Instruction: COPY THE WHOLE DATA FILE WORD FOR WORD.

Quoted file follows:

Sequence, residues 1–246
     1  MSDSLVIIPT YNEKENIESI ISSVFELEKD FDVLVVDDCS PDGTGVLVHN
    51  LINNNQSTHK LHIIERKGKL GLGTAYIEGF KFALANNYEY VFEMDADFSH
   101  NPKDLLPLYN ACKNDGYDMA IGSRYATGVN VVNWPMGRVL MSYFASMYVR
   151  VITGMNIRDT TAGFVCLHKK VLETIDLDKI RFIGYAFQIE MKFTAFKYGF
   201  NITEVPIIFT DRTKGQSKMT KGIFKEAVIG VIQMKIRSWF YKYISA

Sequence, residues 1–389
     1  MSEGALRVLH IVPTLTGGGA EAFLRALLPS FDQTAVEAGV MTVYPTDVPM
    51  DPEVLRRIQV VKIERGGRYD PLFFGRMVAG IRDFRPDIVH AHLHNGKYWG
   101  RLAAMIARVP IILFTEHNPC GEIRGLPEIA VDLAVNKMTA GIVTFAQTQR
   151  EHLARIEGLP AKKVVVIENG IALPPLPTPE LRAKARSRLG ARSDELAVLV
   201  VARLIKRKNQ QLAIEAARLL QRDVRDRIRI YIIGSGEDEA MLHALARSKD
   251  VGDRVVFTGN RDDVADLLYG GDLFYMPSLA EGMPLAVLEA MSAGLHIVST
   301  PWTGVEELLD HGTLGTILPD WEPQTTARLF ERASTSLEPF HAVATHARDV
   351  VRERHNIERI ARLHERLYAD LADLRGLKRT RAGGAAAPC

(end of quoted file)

Sequence, residues 1–246
     1  MSDSLVIIPT YNEKENIESI ISSVFELEKD FDVLVVDDCS PDGTGVLVHN
    51  LINNNQSTHK LHIIERKGKL GLGTAYIEGF KFALANNYEY VFEMDADFSH
   101  NPKDLLPLYN ACKNDGYDMA IGSRYATGVN VVNWPMGRVL MSYFASMYVR
   151  VITGMNIRDT TAGFVCLHKK VLETIDLDKI RFIGYAFQIE MKFTAFKYGF
   201  NITEVPIIFT DRTKGQSKMT KGIFKEAVIG VIQMKIRSWF YKYISA

Sequence, residues 1–389
     1  MSEGALRVLH IVPTLTGGGA EAFLRALLPS FDQTAVEAGV MTVYPTDVPM
    51  DPEVLRRIQV VKIERGGRYD PLFFGRMVAG IRDFRPDIVH AHLHNGKYWG
   101  RLAAMIARVP IILFTEHNPC GEIRGLPEIA VDLAVNKMTA GIVTFAQTQR
   151  EHLARIEGLP AKKVVVIENG IALPPLPTPE LRAKARSRLG ARSDELAVLV
   201  VARLIKRKNQ QLAIEAARLL QRDVRDRIRI YIIGSGEDEA MLHALARSKD
   251  VGDRVVFTGN RDDVADLLYG GDLFYMPSLA EGMPLAVLEA MSAGLHIVST
   301  PWTGVEELLD HGTLGTILPD WEPQTTARLF ERASTSLEPF HAVATHARDV
   351  VRERHNIERI ARLHERLYAD LADLRGLKRT RAGGAAAPC